Being entrepreneurial doesn't always mean that you're a whiz at prioritizing and organizing. These are skills that take time and training to develop.
Every so often I find myself overwhelmed by endless task lists that only seem to get longer, not shorter. To remain focused and to start each day with a clear, goal-oriented mission, I use a trick that I like to call the "Daily Gabe."
For 10 minutes each morning, before I get lost in the minutiae of checking my email and starting unorganized tasks, I pretend that I have a boss and his name is Gabe. Gabe understands my business' priorities profoundly and has a laser focus on the long-term vision. He gets the interplay between the micro and macro things that need to get done to achieve that vision. Every morning Gabe expects an email spelling out the (approximately) five things I must do today and a handful of things I probably should do (if I can get around to them). The musts must be achievable before I decide to call it a day.
In the evening, I spend a few minutes revisiting my Daily Gabe. How close am I to finishing my musts? Is there something that I put off all day that I could easily complete right now? If there is, I do it immediately.
The last step is sending the Daily Gabe summary. Gabe expects to be informed of the musts I accomplished and an explanation of those that are postponed.
What makes this trick work for my business partner and I is that we actually send these emails to our advisor daily. His name happens to be Gabe. And although he doesn't always respond to our morning lists and our evening summaries, he holds us accountable. When he doesn't receive an email, he checks in. When the list is too long he culls it. If the list contains things that seem unclear, too large, unfocused or misguided, he responds with advice. Gabe doesn't act as a boss -- he doesn't commend, reprimand or instruct, he merely advises -- but this structure makes us feel responsible. He expects us to get through our list. And after all, who would ever want to disappoint Gabe.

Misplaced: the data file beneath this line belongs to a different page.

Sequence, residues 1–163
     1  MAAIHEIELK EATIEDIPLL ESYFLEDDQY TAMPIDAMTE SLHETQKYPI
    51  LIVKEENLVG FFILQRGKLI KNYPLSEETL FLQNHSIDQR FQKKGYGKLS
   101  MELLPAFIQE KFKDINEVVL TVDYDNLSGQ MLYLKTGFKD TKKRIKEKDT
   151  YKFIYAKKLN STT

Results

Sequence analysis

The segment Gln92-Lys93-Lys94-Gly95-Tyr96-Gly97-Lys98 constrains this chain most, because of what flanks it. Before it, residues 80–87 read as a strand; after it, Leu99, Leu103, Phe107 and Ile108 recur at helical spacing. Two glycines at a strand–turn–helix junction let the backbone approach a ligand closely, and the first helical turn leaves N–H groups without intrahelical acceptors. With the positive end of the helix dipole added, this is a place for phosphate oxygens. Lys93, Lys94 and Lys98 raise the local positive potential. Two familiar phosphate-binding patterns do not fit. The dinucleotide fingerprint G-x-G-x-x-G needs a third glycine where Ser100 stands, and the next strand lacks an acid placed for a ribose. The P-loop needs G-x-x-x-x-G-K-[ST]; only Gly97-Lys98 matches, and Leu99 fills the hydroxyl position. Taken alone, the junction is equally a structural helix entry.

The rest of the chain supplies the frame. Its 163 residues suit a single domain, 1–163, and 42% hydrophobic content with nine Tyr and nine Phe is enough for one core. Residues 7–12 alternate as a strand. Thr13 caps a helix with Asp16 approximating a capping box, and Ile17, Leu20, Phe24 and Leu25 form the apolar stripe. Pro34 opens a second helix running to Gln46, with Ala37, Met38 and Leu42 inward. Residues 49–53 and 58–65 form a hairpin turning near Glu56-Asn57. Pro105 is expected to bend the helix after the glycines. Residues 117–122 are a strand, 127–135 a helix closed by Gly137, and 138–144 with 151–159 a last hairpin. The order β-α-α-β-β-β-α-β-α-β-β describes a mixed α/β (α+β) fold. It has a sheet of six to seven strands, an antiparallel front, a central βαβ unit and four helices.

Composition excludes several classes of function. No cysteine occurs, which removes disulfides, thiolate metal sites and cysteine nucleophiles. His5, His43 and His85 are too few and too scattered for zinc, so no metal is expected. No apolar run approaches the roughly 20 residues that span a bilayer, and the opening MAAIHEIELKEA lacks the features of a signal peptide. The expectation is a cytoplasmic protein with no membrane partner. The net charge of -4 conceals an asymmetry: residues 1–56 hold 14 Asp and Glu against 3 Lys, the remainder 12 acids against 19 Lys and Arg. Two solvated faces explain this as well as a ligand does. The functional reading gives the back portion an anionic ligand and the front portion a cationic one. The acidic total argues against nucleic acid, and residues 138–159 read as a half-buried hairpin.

Being your own boss has many advantages -- the joy of determining what is and isn't important can't be understated -- but sometimes it helps to pretend. The secret truth is that nothing alleviated the stress of a seemingly endless task list until I began imagining I had a boss. I'm still fully in charge, but now I'm learning to stay organized. Your Gabe needn't be a formal advisor -- he or she could be a partner, a trusted associate,or even a significant other. Anyone willing to call you out and help you stay organized while still being fully in charge.